We more or less knew this was true even before senior staff at the New York Times had to remind reporters they were “not part of the f*cking resistance,” or before CNN advised the House “go for the jugular vein” and impeach Trump, but it is helpful to see it in daylight. After all, democracy dies in the darkness.

    The uber-created narrative was Russiagate. None of the core substance was true. Trump wasn’t the Manchurian Candidate set in place by Putin in a long con, nor was there a quid pro quo for Russian election help. Yet the media literally accused the president of treason by melding together otherwise unrelated droplets of truth — Trump wanted a hotel in Moscow, some ads were run on Facebook — that could be spun into a narrative which would bring Trump down, if not send him to SuperMax. What was true was of little consequence; what mattered was whether the media could create a narrative the rubes might believe.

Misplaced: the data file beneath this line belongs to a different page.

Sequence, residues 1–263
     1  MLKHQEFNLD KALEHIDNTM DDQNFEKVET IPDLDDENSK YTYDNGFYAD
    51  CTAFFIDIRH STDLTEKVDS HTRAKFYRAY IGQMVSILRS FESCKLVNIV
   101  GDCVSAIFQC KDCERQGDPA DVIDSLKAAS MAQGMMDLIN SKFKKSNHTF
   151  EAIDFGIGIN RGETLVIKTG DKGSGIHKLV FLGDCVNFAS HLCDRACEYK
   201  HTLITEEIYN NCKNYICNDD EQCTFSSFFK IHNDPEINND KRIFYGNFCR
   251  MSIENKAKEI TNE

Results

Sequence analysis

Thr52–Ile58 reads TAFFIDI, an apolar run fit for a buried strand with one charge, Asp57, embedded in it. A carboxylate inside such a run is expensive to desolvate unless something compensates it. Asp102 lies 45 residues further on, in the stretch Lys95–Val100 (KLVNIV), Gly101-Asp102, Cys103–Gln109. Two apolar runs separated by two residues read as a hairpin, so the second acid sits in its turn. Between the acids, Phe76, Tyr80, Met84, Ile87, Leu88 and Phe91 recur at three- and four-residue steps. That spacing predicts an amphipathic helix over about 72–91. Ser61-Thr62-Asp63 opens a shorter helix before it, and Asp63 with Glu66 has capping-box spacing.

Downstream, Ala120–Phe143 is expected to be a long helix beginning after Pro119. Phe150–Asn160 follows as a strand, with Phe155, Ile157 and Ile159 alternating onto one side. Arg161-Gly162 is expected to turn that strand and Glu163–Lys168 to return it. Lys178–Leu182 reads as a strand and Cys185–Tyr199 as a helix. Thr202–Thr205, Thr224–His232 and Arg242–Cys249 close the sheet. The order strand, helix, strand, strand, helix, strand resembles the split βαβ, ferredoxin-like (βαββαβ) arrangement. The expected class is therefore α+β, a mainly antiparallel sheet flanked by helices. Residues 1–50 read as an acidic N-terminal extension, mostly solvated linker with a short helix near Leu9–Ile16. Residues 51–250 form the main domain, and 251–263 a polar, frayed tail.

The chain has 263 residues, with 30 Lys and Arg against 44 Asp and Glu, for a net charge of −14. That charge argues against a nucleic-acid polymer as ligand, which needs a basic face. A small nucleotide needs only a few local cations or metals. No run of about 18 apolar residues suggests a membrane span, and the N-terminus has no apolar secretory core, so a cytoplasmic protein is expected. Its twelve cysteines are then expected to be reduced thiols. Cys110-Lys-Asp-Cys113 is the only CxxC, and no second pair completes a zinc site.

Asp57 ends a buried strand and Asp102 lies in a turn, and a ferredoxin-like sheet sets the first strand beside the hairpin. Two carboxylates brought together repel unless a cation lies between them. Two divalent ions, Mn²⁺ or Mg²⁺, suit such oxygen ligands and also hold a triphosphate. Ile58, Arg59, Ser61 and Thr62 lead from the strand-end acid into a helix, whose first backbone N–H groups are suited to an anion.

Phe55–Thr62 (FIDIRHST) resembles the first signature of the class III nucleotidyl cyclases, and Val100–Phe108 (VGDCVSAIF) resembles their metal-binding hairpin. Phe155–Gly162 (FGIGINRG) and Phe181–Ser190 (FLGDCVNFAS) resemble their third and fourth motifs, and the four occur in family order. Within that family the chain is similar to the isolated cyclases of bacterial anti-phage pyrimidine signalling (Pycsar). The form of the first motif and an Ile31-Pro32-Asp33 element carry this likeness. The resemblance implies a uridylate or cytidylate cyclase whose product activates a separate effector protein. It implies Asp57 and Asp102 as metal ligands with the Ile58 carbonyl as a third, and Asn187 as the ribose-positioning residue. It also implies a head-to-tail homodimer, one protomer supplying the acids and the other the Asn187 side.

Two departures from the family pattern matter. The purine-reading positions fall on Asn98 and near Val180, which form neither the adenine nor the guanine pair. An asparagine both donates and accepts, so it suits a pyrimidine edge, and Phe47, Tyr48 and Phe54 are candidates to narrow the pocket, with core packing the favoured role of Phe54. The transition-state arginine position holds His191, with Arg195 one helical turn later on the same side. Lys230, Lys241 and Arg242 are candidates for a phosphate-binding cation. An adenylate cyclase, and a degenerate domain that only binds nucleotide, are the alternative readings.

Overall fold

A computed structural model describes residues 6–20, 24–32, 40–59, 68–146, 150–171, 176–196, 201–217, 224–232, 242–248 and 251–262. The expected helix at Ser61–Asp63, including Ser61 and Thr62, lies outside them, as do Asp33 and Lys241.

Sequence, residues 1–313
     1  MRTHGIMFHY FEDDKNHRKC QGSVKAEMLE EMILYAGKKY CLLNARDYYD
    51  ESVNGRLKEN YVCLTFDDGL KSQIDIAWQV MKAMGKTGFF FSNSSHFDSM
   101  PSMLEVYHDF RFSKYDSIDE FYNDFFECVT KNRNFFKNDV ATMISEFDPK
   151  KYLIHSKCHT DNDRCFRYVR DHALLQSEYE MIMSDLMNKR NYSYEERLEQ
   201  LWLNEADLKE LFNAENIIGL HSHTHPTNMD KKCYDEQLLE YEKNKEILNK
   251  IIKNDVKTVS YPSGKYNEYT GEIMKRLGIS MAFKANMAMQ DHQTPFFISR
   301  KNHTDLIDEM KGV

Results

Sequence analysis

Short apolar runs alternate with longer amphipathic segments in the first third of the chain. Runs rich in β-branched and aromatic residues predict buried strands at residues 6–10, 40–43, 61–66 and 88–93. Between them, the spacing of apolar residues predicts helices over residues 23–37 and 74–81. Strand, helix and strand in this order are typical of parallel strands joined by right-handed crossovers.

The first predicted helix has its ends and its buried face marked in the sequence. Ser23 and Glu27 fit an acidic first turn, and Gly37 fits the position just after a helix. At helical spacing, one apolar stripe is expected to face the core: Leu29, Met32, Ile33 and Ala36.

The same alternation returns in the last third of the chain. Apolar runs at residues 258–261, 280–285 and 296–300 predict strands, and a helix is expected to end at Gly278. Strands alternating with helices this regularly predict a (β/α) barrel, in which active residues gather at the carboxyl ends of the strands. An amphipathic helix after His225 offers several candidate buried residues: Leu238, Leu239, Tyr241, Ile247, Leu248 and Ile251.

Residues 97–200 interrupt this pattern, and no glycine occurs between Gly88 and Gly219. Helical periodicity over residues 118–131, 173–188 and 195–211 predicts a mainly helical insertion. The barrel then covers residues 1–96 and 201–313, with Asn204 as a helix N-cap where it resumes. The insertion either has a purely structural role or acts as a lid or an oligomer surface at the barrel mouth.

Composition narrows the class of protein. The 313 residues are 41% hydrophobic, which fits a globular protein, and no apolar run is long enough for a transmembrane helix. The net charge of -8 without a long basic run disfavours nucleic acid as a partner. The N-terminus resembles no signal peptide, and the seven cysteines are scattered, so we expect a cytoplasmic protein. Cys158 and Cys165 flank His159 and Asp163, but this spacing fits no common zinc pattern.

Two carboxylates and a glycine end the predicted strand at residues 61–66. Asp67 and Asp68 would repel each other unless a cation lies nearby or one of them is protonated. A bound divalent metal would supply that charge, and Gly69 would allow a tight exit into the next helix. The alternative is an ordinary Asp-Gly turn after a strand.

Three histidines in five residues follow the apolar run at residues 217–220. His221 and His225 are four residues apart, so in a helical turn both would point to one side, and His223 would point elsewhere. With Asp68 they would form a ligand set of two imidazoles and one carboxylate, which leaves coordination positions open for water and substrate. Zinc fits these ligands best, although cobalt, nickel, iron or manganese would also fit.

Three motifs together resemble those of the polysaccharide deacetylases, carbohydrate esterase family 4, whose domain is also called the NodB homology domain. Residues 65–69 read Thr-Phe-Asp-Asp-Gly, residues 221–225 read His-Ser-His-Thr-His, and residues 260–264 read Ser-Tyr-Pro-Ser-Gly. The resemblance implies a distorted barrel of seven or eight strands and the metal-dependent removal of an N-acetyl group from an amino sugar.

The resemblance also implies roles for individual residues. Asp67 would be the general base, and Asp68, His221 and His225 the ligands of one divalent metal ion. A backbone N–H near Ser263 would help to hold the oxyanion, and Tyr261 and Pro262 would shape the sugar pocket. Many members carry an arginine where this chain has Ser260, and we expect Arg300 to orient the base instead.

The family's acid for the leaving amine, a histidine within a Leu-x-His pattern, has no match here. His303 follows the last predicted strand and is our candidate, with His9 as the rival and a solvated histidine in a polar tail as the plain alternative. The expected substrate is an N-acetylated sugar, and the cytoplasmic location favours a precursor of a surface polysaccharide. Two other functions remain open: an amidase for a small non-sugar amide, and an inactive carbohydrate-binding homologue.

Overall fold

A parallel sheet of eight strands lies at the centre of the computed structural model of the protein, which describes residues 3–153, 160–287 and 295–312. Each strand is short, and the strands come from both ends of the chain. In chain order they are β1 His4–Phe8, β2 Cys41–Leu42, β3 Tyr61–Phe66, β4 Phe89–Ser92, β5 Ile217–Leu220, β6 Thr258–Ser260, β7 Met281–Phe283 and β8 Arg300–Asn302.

The critical flaw in Russiagate (other than it did not actually happen)) was the media creating an end-point they could not control, Robert Mueller. Mueller, an old school, Deep State man to his core, was made into an Avenger, the Last Honest Man, the Savior of Democracy as the narrative first unfolded and then fell apart like cardboard box in the rain. After Michael Cohen’s Mueller’s dismal testimony, promoted to a crescendo for three full years across the media, there was nowhere to go.